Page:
Student Research Series Guidelines

Brown Bag Series

Mentor Guidelines:

It is important that you as the faculty mentor supervise and approve all work by the student, this also includes the final presentation. The quality of the program depends upon sound advice from mentors on professionalism, public presentations, and discipline-appropriate content.

Mentors are also expected to attend the selected Seminar and will introduce their student and the project. Please ensure that students do not simply read from a paper. Any film clips should be limited in the presentation, such that the presentation is composed of the student sharing about the process as well as the product of his/her work.

Brown Bag Series

Student Guidelines:

Most students use a PowerPoint slideshow to present their scholarly work. This may not be appropriate for presentations of creative scholarship (i.e., researched-based artistic, musical, or theatrical productions).

The presentation style and language should be appropriate for a large, general audience from a wide variety of backgrounds.

All disciplines vary in the standard presentation style; however, for the purposes of the Seminars, we ask that you present your work in a way that will:

  1.  Teach the campus community about how you carried out your research/ scholarship
  2. Share your results/creative product

Presenters usually have about 20 minutes to give an oral presentation. This typically consists of a presentation of about 15 minutes and 5 minutes for questions. Review the archive of abstracts from previous presentations here.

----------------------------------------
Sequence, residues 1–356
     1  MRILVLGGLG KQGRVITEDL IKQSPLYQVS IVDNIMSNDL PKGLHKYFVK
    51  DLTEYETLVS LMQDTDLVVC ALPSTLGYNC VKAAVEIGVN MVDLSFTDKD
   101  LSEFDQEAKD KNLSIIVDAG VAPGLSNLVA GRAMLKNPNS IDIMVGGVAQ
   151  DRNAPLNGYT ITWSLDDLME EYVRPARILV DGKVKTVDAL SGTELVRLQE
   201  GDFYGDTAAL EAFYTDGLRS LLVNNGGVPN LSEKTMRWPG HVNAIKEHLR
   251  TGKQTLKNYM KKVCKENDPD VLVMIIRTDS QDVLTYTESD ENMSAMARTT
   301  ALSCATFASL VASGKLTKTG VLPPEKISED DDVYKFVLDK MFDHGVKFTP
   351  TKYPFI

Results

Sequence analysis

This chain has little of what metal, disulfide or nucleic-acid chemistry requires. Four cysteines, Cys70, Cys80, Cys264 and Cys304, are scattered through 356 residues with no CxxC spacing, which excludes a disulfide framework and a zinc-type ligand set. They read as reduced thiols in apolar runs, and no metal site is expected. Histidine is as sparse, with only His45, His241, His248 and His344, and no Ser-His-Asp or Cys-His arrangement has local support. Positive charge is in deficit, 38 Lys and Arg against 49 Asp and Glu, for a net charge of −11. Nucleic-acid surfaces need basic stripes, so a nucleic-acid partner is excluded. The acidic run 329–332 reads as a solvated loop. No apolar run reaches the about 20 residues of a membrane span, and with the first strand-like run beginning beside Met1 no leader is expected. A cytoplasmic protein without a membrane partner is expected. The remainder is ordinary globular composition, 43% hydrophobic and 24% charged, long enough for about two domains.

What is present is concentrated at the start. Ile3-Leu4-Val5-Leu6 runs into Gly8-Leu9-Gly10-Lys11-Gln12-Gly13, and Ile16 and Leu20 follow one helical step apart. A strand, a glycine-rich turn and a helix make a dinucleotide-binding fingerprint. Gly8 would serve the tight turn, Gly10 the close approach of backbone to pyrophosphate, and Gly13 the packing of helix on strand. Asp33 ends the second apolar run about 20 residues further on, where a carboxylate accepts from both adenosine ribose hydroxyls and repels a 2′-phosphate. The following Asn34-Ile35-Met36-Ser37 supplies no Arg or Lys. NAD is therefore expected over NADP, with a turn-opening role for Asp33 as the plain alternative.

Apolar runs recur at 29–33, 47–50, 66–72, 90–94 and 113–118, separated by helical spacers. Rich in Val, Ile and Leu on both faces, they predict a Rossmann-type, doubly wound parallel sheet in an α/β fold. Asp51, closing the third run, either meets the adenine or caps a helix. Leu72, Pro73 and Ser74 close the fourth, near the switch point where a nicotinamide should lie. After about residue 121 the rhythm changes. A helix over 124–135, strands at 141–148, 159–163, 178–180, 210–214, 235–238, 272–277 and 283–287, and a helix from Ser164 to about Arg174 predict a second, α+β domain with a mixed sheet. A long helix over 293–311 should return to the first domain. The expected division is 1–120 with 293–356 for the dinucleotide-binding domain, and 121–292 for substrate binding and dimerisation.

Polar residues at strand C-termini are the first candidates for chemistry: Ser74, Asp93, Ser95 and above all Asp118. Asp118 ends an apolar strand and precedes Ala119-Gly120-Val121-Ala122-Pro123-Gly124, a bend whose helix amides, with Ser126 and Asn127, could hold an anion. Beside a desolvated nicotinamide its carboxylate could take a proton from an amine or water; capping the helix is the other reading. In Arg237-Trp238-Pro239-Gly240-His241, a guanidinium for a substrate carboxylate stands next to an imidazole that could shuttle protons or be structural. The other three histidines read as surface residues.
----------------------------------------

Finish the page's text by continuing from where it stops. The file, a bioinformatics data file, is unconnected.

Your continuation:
A CURS member will lead the series and introduce each faculty mentor. Mentors should be present to introduce student presenter(s). Presenters may describe the following components of their work emphasizing what is most important for their discipline. Please keep in mind that the objective of the series is simply to enlighten the campus about the student pre-professional scholarship conducted across campus in all our various disciplines.

  • Objective/ Hypothesis of the work - What was the aim of the project, motivation, inspiration, background research that led to project or idea? 
  • Method of the work - What was the process necessary to complete the work? What materials were used, when did the scholarship take place and where, was a new or innovative approach/equipment used or designed to carry out the work? Did a team of researchers/scholars work together and if so in what capacity, what were the steps involved? Was reliability or validation of measurements needed?
  • Result - What was the result of data collection, art construction, historical research, writing; what are the implications of the work? Are the results applied to larger society or might they be, and if so how?
  • Presentation to the Public - esp. with art - how is the space for professional showing prepared? What steps are required to prepare a gallery show for example? Has the work been shown to the public (on campus or off) if so was this a juried show? What were the selection criteria? Was this part of an internship or professional training?
  • What's next? - There will be a follow up study, project, more art in a series or part 2 of a play etc? What questions, ideas, innovations are inspired from the work? Will work move in a different direction now, if so where/why/how?

Thank you for your participation in the Student Research Seminar Series!